How Michael Phelps has changed the sport of swimming forever.

On Monday, Michael Phelps announced his retirement in an interview with Today‘s Matt Lauer. Despite having made the same announcement to Lauer four years ago in London, Phelps insists it’s true.

“Done, done, done — and this time I mean it,” he told Lauer. “I wanted to come back and finish my career how I wanted and this was the cherry on top of the cake.”

The 31-year-old ended his Rio Olympics with five gold medals and one silver bringing his career total to 28 medals and further cementing his most decorated Olympian of all time title.

Phelps’ stats are staggering. The following are just a few of the Olympic records he holds:

  • Most medals by an athlete (28)
  • Most gold medals (23)
  • Most medals in individual events (16)
  • Most gold medals in individual events (13)
  • Most gold medals at a single Olympics (8)

One of the best parts about Phelps’ career is that his legacy is already being felt.

Over the last 16 years Phelps has been swimming’s greatest ambassador. Continually smashing world records and winning gold has inspired legions of kids to take up swimming — some of whom went onto realise their dream of competing in the Olympics just like their idol. Meaning Phelps has been regularly competing against and with those he inspired to take up swimming in the first place.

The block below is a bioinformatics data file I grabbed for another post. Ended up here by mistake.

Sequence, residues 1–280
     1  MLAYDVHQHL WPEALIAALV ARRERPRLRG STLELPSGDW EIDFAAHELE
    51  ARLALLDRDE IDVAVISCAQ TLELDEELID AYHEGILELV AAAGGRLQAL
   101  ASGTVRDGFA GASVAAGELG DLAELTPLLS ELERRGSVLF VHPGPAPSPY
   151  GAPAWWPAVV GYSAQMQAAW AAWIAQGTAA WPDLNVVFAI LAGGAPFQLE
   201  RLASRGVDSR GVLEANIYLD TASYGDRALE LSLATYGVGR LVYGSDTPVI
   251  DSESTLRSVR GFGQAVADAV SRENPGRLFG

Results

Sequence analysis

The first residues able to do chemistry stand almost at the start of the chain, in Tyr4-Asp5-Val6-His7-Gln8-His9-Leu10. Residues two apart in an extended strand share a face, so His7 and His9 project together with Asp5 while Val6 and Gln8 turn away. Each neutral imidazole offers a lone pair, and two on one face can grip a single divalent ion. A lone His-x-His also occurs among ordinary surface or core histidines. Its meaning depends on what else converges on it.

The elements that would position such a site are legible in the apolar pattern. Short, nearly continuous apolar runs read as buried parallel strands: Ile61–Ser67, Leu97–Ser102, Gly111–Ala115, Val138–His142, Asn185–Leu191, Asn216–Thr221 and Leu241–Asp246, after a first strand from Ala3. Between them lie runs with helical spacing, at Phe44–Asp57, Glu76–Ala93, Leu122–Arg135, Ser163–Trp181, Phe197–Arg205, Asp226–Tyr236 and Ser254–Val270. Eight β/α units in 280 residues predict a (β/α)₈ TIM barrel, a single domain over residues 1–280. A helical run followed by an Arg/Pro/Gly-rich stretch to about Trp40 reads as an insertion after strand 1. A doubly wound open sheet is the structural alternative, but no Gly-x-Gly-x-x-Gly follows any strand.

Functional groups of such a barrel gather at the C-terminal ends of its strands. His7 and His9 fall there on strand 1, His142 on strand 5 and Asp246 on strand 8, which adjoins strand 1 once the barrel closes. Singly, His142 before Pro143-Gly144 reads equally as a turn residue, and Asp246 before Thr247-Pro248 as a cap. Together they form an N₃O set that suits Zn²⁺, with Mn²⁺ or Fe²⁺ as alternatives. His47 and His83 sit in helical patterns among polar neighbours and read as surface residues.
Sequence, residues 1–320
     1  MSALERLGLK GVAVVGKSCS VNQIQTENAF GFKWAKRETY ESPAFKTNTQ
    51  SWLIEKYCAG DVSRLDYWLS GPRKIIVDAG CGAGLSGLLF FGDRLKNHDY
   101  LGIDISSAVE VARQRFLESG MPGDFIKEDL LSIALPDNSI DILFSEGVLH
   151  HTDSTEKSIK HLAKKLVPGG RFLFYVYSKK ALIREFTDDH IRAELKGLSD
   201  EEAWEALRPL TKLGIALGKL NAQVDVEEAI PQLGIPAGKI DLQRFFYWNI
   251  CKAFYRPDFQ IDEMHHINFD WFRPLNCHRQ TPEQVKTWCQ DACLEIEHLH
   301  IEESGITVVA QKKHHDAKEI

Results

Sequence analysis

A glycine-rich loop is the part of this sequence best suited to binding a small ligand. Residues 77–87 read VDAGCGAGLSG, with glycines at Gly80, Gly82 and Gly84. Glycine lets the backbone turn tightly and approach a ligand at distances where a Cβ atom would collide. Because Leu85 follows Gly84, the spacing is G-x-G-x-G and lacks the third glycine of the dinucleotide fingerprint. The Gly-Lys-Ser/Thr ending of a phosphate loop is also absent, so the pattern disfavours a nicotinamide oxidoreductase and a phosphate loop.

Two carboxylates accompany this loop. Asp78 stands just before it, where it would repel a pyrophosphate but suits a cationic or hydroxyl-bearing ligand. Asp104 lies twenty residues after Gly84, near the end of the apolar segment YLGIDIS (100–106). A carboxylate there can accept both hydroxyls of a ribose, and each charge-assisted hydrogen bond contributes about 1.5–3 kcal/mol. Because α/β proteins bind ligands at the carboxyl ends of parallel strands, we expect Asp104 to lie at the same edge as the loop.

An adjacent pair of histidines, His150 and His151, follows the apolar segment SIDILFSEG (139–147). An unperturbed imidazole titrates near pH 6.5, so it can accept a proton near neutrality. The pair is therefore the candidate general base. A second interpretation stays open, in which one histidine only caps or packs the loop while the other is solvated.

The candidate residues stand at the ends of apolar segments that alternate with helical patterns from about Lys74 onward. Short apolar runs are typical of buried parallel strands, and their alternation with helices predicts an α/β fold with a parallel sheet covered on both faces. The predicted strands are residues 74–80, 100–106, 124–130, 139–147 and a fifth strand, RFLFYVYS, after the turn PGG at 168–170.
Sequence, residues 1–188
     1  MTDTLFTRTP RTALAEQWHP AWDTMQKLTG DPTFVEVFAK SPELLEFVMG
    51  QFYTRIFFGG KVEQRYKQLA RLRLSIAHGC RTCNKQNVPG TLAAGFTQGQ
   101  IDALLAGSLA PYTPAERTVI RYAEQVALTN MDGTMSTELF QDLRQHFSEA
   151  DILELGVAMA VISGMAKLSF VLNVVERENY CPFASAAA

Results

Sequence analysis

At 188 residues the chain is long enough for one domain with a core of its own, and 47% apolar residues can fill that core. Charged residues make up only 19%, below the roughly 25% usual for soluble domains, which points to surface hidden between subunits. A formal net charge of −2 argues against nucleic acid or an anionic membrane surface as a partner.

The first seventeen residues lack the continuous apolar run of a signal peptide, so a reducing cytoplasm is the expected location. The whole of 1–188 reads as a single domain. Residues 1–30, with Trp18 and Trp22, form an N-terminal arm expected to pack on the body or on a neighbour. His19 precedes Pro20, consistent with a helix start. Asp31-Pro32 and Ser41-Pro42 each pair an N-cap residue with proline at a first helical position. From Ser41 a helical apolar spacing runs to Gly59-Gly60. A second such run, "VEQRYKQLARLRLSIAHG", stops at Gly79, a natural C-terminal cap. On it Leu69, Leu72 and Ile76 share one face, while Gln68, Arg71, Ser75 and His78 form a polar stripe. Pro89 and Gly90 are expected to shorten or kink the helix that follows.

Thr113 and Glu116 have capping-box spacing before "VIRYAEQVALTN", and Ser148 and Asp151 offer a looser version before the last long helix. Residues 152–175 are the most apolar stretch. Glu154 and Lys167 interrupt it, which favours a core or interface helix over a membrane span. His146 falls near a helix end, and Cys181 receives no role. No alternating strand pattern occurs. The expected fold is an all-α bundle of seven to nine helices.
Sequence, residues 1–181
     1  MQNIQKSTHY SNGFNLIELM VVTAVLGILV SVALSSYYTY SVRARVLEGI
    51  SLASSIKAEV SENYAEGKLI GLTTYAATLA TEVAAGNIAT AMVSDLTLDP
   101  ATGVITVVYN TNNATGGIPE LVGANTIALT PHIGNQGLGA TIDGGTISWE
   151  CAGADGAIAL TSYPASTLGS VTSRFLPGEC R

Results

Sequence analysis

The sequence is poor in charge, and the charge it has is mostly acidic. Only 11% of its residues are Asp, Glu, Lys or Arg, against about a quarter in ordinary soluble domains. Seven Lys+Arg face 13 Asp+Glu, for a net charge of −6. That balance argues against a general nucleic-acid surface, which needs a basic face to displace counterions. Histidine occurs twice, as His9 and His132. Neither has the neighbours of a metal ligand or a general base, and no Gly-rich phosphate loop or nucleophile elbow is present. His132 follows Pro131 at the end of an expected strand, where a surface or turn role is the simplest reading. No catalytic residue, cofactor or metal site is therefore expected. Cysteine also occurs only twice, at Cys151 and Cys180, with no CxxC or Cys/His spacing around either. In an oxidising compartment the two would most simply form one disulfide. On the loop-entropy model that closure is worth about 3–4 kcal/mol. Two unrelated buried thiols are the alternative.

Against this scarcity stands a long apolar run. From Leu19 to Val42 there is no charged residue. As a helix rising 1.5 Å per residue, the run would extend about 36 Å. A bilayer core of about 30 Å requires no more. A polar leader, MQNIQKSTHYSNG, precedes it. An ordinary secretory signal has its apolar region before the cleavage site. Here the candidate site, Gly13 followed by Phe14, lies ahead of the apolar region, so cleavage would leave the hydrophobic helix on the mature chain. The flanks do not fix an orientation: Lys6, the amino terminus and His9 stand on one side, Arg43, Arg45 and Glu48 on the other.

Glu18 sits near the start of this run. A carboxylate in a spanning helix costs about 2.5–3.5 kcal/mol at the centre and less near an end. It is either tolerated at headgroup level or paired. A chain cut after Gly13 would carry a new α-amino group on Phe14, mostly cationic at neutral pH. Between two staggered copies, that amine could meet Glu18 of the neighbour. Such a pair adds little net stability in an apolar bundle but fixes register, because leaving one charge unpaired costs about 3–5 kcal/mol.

There’s Daiya Seto, the 22-year-old from Japan who won bronze in the 400m medley. He had his picture taken with Phelps in Japan 14 years ago.

24-year-old Chad Le Clos, who has been Phelps’ biggest rival in the last few years said he modelled his entire career around Phelps.

“He was the reason I swam the butterfly. It’s not a joke,” Le Clos said in 2012. “That’s why I swim the 200 freestyle, both the IMs. I don’t swim it for any other reason than just because Michael does.”


In 2003 a six-year-old Katie Ledecky asked Phelps for an autograph as he walked to his car after a meet at the University of Maryland. Three years later she waited in line to get the Olympic legend’s autograph again.

Now 19, Ledecky is being hailed as the future of United States swimming. Winning her first gold medal at 15-years-old at the 2012 London games, she brought her total up to five gold medals and one silver at this Rio games.

“Katie’s doing her thing and she’s breaking records every time she gets in the pool,” Phelps said to Lauer during his retirement announcement. “It’s been an honour for me to be a part of the team with her and some of the younger guys that we have coming up in the sport that are going to take over.”


Last Friday night, 21-year-old Joseph Schooling, beat Phelps to the 100m butterfly gold securing Singapore’s first gold medal ever. During the medal ceremony, Schooling stood on the top step with his childhood idol to his right.

According to The Guardian, Schooling first met Phelps in 2008 when the U.S. swim team visited Singapore before the Beijing Olympics.

“They came to the country club that I trained at,” Schooling said. It was early in the morning, and he was working on an essay. “Everyone just rushed up and was like ‘it’s Michael Phelps! It’s Michael Phelps!’ and I really wanted a picture.”

And Phelps delivered.

“If it wasn’t for Michael, I don’t think I could have gotten to this point. I wanted to be like him as a kid,” Schooling said after winning his gold in Rio. “I think a lot of this is because of Michael. He is the reason why I wanted to be a better swimmer.”

And though Phelps lost, there was satisfaction in the defeat.

“We’ve all seen the photo of Katie [Ledecky] and I when she was 9, 10, and the photo of Joe [Schooling] and I,” Phelps told reporters after the race. “I wanted to change the sport of swimming. That’s what I wanted to do. With the people in the sport now, I think you’re seeing it.”